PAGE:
This guide is for the SQL version of Phactory. You can also view the MongoDB Phactory guide.


Installation and Setup

Refer to the download page for instructions on installing Phactory for PHP through Pear or to download the source code.

Once you’ve installed Phactory, you’re ready to start using it as a database factory in your unit tests. Whether you use PHPUnit, SimpleTest, or something else entirely, Phactory is easy to get started with.

To include the Phactory library in your test suite, just use the following statement in your Bootstrap or individual test file:

require_once 'Phactory/lib/Phactory.php';

Follow the rest of this guide to learn how to use Phactory for database test object creation in your unit tests, and make use of some of the more advanced features. You’ll find that Phactory is a lot easier and more flexible than traditional database fixtures.

Creating a Connection

Phactory uses PDO to perform all database operations. That means you’ll need to pass a PDO object to Phactory before you can start using it. Currently, Phactory supports only MySQL and SQLite.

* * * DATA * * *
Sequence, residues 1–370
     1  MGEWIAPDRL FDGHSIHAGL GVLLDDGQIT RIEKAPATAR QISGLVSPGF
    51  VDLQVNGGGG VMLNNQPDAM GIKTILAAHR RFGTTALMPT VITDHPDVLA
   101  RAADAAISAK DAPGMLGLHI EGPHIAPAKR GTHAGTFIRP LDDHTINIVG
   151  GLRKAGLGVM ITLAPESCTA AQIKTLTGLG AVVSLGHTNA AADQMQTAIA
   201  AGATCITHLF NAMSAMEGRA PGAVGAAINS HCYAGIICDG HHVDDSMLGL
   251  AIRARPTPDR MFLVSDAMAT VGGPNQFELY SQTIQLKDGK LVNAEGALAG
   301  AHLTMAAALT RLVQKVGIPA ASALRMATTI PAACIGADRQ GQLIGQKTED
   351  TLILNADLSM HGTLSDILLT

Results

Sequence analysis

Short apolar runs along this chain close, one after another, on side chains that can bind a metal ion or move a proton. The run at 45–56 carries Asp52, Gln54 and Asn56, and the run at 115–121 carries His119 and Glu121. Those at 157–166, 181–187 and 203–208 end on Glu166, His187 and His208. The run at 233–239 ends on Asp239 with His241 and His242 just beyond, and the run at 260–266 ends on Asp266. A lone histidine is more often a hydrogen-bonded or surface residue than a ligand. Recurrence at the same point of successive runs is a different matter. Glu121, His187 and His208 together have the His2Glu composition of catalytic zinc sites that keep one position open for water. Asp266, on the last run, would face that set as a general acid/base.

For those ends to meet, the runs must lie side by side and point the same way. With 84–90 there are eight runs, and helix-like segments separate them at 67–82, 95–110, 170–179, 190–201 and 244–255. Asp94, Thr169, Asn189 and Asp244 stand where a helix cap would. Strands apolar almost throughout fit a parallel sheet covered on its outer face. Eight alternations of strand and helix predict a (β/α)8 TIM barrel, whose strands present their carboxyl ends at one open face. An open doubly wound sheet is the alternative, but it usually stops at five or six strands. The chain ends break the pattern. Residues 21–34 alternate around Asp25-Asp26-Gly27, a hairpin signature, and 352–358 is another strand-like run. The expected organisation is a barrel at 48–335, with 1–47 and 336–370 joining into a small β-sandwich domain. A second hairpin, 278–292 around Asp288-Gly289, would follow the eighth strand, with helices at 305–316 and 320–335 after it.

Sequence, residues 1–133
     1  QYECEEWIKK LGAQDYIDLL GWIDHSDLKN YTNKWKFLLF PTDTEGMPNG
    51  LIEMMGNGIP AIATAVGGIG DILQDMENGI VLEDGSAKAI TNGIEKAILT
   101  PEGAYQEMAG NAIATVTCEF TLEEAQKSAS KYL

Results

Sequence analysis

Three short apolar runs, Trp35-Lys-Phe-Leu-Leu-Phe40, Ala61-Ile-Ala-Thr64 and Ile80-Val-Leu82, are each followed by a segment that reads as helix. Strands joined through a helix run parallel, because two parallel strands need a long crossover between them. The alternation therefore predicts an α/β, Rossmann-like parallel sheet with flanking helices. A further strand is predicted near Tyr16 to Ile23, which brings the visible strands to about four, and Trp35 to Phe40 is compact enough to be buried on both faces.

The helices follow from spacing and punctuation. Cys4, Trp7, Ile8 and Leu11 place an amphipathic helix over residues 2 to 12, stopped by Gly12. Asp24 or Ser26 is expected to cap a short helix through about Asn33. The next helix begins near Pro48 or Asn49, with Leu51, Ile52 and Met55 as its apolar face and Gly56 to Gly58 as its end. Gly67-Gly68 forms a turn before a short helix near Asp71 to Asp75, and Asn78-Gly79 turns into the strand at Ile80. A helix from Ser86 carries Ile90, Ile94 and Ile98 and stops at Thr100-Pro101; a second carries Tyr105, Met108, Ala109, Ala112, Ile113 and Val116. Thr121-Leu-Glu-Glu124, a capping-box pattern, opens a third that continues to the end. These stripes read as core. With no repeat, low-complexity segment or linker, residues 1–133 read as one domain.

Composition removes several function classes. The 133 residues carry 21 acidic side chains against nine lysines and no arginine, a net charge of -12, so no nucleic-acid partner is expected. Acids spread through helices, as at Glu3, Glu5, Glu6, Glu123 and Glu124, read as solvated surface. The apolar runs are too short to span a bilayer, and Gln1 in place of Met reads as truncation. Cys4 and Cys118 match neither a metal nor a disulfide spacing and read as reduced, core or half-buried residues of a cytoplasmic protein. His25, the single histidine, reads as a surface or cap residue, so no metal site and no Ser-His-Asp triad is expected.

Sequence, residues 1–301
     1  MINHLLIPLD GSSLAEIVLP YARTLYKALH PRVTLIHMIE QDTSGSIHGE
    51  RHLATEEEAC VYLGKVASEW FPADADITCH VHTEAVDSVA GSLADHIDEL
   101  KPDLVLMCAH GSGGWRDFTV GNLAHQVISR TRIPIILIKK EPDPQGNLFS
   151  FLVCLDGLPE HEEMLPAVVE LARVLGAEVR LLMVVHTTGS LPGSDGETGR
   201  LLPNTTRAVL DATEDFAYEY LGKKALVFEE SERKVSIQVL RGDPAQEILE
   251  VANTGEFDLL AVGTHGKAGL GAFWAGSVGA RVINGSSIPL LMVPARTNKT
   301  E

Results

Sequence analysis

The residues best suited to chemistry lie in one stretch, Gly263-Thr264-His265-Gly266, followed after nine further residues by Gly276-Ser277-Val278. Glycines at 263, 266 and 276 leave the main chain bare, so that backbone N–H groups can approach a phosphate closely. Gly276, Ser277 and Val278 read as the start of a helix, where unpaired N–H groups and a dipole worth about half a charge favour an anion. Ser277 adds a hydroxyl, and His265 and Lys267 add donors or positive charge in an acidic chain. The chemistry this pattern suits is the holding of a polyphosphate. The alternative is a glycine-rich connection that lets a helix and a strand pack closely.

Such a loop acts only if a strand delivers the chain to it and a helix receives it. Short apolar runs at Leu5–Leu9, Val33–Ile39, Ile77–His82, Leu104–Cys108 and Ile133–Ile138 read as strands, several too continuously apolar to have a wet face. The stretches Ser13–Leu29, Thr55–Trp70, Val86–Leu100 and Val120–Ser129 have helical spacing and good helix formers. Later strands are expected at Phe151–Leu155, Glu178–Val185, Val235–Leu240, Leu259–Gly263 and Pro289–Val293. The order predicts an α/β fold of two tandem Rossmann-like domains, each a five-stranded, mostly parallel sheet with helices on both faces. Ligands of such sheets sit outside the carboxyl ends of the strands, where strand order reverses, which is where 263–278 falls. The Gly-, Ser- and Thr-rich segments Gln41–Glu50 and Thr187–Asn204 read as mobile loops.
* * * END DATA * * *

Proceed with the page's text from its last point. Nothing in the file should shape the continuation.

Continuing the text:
To set Phactory’s database connection:

$pdo = new PDO('mysql:host=; dbname=testdb', 'test_user', 'test_password');

Defining Table Blueprints

Before you can create an object with Phactory, you have to define a blueprint for the table you want to use. The define() function takes a singular table name and an optional array of default values. These defaults will be set on each object you create in this table, unless you override them at creation time.

Assuming you have a table called ‘users’ in your database with columns ‘name’ and ‘age’, the following will define a blueprint for that table: